Improve Browser Performance With the CSS Stress Test Tool
CSS3 backgrounds, rounded corners, box shadows, text shadows, opacity and transformations save web developers hours of time. Basic effects can be achieved without resorting to image slicing, additional elements or scripting.
Despite this, not all is rosy in the CSS3 world. When I first dabbled with the techniques a couple of years ago, I was shocked by the impact effects could have on browser performance. A single CSS property could result in visible redraws and page-scrolling treacle. On one site, I had to scrap rounded corners and revert back to images to solve a performance issue. I cursed a few times but simply considered it to be another development gotcha to file in my browser bitch box.
The CSS Stress Test uses a novel approach to detect performance issues:
- A single ID or class is removed from a DOM element to disable (some) CSS effects.
- The page is scrolled and the time taken is recorded.
- The ID/class is replaced and the loop continues until all have been analyzed.
A table of results then shows how each removal affected the scroll speed — time is either added (slower without the effects) or saved (faster without the effects). If the removal of a specific ID or class saves significantly more time than the others, you should be able to isolate the cause of the performance issue.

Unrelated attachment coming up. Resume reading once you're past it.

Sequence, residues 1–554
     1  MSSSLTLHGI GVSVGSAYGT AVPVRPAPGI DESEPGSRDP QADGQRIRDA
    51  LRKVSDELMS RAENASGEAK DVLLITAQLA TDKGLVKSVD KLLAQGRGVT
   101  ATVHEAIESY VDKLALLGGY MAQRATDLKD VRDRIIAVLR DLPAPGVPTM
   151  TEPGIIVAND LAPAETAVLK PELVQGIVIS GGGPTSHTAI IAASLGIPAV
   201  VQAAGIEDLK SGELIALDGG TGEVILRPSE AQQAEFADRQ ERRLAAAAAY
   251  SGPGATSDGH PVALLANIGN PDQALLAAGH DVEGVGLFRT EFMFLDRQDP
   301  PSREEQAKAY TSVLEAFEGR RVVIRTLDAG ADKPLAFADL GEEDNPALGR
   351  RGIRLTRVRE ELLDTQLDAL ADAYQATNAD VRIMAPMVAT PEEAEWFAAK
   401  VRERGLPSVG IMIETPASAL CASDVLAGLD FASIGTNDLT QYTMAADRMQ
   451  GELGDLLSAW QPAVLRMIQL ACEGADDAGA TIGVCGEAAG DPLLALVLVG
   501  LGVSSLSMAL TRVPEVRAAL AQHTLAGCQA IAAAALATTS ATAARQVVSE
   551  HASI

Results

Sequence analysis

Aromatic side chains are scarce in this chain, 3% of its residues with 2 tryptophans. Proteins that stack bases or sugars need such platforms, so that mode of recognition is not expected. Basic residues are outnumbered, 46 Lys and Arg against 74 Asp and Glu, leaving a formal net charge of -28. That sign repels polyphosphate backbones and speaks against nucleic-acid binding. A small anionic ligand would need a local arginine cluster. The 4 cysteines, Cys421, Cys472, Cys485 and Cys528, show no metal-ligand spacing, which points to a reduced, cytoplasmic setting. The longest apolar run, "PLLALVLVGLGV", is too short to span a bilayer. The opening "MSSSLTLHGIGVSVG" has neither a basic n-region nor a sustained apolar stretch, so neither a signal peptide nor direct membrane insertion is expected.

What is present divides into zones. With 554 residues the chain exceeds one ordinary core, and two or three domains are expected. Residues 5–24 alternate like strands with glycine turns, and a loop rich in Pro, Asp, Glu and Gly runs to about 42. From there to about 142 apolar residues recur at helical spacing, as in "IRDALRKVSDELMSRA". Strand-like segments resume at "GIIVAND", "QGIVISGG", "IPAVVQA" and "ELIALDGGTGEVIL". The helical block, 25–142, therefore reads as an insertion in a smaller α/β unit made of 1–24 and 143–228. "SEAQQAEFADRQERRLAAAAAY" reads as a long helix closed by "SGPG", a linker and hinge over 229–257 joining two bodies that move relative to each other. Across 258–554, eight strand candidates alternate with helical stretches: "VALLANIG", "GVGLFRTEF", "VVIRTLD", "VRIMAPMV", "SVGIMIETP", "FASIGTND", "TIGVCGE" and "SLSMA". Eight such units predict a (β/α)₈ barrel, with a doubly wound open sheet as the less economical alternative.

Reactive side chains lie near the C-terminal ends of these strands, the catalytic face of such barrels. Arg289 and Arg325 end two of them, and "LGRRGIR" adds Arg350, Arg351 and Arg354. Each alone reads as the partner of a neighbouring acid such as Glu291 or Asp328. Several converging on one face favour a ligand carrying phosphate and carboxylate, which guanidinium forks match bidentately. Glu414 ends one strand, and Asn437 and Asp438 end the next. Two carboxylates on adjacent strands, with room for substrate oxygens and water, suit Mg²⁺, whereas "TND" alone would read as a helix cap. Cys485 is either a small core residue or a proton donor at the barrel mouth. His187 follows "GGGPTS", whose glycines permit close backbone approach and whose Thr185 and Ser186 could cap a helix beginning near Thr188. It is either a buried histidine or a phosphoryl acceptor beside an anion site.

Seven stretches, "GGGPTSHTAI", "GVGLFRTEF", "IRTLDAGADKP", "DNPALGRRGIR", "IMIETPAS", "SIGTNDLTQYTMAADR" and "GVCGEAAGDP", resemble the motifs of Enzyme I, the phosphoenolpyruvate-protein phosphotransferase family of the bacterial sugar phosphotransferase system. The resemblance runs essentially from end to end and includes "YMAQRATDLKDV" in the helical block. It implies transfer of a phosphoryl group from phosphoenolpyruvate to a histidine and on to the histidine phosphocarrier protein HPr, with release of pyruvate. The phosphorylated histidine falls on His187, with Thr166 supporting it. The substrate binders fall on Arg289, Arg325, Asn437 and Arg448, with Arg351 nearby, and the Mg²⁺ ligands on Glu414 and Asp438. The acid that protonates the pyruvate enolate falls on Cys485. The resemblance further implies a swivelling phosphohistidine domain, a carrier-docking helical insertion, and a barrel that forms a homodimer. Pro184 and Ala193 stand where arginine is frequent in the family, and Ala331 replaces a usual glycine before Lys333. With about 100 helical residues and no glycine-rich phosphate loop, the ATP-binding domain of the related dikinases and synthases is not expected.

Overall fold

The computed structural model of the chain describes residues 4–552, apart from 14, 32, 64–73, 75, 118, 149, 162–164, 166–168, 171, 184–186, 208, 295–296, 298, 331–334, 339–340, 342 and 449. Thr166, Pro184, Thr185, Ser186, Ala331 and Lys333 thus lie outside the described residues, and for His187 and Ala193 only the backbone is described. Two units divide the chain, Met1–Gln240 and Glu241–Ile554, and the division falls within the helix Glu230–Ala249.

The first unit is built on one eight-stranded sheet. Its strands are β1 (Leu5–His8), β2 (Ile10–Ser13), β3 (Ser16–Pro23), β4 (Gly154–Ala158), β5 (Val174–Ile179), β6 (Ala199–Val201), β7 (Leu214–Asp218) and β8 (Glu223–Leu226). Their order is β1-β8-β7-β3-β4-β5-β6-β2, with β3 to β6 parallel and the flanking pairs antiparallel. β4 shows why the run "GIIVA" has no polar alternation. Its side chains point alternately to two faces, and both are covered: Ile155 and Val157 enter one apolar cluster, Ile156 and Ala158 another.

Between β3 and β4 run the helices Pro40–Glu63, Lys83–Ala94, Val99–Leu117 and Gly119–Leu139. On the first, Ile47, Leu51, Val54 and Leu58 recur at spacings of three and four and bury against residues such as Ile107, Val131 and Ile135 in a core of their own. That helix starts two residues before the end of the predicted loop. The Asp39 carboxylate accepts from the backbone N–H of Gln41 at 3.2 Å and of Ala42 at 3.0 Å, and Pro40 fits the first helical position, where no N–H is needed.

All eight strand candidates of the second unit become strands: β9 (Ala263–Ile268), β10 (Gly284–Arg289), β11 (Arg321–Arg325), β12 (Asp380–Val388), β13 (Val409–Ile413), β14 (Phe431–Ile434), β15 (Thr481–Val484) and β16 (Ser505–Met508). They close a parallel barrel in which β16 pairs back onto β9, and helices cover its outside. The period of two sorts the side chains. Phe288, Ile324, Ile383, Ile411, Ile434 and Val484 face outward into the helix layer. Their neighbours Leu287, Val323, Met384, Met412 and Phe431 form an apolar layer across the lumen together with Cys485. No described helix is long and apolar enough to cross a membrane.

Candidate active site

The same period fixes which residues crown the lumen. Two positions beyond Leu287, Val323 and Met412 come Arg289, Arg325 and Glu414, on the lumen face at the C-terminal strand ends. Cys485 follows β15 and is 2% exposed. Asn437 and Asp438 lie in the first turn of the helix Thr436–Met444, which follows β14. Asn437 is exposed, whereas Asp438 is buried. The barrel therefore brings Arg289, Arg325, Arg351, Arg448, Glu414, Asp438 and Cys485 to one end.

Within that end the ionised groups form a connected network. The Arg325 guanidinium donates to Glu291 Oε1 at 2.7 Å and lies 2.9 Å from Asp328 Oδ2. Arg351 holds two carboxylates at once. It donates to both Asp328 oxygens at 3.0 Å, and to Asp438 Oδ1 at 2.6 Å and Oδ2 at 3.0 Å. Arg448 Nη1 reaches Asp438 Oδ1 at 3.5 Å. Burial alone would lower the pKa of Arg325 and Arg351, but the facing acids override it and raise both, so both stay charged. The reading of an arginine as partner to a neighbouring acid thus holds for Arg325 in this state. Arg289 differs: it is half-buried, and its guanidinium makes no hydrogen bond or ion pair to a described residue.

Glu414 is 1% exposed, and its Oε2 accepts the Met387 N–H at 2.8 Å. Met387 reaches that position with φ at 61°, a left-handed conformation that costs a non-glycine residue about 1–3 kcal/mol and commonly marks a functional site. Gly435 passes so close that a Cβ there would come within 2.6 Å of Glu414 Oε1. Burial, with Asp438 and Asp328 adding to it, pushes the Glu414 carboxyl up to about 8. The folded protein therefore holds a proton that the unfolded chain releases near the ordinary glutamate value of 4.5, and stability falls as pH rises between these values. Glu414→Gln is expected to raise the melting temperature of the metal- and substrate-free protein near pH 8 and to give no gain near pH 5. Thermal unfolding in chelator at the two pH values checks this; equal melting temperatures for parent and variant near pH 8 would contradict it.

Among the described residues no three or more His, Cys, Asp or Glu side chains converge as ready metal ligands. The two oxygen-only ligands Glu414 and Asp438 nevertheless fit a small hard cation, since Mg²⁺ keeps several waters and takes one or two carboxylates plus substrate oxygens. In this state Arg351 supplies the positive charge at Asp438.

The bookmarklet runs in all modern browsers but note that it’s a work-in-progress and there are a few drawbacks:
- Styles applied to HTML elements are not removed. For example, if you’ve applied effects to the
headertag, the tool won’t highlight a problem. However, it will reduce the number of suspects down to a manageable level for further manual investigation.
- Complex pages can take several minutes to analyze.
- It fails in some older browsers although they offer reduced CSS3 support so they’re usually less susceptible to performance problems.
- The table of results cannot be moved and may become corrupted or hidden by conflicting elements or styles. To solve this, use Firebug or a similar tool to remove overlaid elements or extract the data.
Overall, the tool’s a great idea and it’ll lead to surprising conclusions. On his problem page, Andy discovered that a root element with many children was adversely affected when border-radius was applied in IE9.